Title : Pulsations and flows: controlling two collective modes in epithelial monolayers.
Speaker : Dr. Raghavan Thiagarajan, postdoctoral fellow at re NEW, Copenhagen.
Date : 06/09/2022, 05:30 PM , Online Mode.
During embryonic development, tissues elongate, contract, flow and oscillate to sculpt morphogenesis. Although these tissue level dynamics are known, the physical mechanisms at the cellular level are unclear. Moreover, investigations on tissue behavior usually focuses on one type of cell dynamics and use unique theoretical approaches for each study. Here, we overcome this issue by using an epithelial cell culture system for studying two distinct dynamics, applying the same theoretical approach. We show that a single epithelial monolayer of MDCK cells can exhibit two types of local tissue dynamics: pulsations and long range coherent flows. We find that these motions can be controlled by internal and external cues such as actomyosin organisation, and friction modulation of the substrate, through quantitative imaging, cytoskeletal inhibitors, micro patterning and micro fabricated structures. We further demonstrate with a unified vertex model that both behaviors depend on the competition between velocity alignment and random diffusion of cell polarization. When alignment and diffusion are comparable, a pulsatile flow emerges, whereas the tissue undergoes long-range flows when velocity alignment dominates. Taken together, we show that in a system that presents two different dynamics, substrate friction, actomyosin distributions, and cell polarization kinetics are essential in modulating their characteristics. These insights can be useful in characterizing the complexities in cellular morphogenesis and the physical parameters involved in tissue-level organization.
CV / Bios ketch:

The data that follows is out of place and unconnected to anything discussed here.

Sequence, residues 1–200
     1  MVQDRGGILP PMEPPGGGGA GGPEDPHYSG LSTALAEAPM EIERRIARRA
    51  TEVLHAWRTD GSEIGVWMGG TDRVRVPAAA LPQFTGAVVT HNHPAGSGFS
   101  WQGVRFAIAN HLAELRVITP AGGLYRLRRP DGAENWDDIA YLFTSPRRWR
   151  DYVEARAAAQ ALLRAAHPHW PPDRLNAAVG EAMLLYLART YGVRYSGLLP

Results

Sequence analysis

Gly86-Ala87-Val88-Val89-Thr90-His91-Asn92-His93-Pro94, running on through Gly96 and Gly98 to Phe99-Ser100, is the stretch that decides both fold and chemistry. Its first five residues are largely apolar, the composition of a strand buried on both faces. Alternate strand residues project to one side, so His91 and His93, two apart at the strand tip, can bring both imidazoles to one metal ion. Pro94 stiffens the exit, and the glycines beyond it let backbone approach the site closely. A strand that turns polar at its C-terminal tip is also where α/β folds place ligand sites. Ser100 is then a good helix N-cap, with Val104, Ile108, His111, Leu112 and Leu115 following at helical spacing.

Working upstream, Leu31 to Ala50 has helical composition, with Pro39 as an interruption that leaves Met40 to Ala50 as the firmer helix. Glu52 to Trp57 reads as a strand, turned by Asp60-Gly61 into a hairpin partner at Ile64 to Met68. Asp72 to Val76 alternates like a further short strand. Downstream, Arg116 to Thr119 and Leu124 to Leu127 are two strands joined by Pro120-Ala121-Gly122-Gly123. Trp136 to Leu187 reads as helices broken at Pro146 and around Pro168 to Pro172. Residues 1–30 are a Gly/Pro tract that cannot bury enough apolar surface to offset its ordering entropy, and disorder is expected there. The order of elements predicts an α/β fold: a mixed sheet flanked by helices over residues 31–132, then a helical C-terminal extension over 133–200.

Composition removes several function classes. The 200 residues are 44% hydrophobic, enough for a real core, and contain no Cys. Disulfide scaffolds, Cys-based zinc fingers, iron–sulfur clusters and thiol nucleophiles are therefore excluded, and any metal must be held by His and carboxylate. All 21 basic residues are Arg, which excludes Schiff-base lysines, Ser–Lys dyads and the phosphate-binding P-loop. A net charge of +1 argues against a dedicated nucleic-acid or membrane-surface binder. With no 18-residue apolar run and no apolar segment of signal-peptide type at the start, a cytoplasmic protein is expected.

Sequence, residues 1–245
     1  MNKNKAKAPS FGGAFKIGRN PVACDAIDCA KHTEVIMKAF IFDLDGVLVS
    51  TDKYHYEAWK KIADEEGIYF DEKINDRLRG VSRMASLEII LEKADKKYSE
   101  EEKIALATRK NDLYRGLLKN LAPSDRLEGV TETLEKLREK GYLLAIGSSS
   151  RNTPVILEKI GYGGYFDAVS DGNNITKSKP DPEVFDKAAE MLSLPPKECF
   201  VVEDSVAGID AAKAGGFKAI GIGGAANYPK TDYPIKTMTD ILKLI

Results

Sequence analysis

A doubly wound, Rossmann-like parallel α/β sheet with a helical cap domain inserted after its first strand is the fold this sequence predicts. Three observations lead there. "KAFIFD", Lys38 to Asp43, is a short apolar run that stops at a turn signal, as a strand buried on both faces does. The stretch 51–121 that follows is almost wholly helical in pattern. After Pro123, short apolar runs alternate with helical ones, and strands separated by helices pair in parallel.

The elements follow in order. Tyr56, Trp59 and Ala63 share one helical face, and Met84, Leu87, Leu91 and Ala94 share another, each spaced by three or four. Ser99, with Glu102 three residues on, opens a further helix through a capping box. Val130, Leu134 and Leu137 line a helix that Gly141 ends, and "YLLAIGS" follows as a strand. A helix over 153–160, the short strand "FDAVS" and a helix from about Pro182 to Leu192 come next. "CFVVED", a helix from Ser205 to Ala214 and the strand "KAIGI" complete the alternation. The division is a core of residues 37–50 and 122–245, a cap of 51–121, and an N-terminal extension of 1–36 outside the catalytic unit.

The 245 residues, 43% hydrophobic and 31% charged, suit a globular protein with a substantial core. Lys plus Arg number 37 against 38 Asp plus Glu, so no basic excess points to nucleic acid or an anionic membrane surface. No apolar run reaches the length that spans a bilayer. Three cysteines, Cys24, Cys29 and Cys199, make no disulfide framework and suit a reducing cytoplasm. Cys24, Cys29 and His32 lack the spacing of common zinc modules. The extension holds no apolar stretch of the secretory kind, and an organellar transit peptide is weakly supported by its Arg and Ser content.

My scientific interest lies in understanding the role of physical phenomena (mechanical forces, pattern formation, self-organization) during embryonic development and in exploring ways to quantify developmental processes. This motivation comes from my cross-disciplinary background in engineering and fascination with biological systems. After a short exposure to computational work during Bachelor’s studies at SASTRA University, India, I shifted my focus to experimental optics and imaging. For my Master’s project, I joined the group of Prof. VM Murukeshan at NTU, Singapore, to assemble a digital-in-line holography setup. I applied this system for the fast 3D imaging of nanoparticle dynamics in mammalian cells to evaluate their therapeutic applications. Following this, I joined Prof. Daniel Riveline’s lab at IGBMC & ISIS, Strasbourg to study the process of self-organization at different scales. At the molecular scale, I determined how an ensemble of actomyosin motors generate constriction force during cytokinesis in fission yeast and mammalian cells. At the scale of single-cell, I dissected the mechanism of how multiple filopodia formation lead to directed migration in mouse fibroblast cells. Finally, at the tissue scale, I worked on the emergence and regulation of spontaneous oscillations and flows in MDCK epithelial monolayers. Collectively, these projects led to high-impact publications. Particularly, the work on cytokinetic ring constriction has a strong recognition in the biophysics field as it dissects the function of self-organization in the mechanical force generation. Additionally, I was actively involved in engineering innovative microfabricated structures and in testing novel bio compounds (synthetic polyamines) that can increase actin polymerization dynamics. Through these projects, I have built a diverse set of skills across different model systems, imaging methods, and engineering techniques. Importantly, I have gained extensive training in quantitative image analysis strategies. Currently, I am a Postdoc in Prof. Jakub Sedzinski’s lab at re NEW, Copenhagen. Here, I am studying the role of mechanical forces, and quantifying sub cellular organisation using high-resolution and high-temporal imaging, during mucociliary epithelial morphogenesis in Xenopus embryos.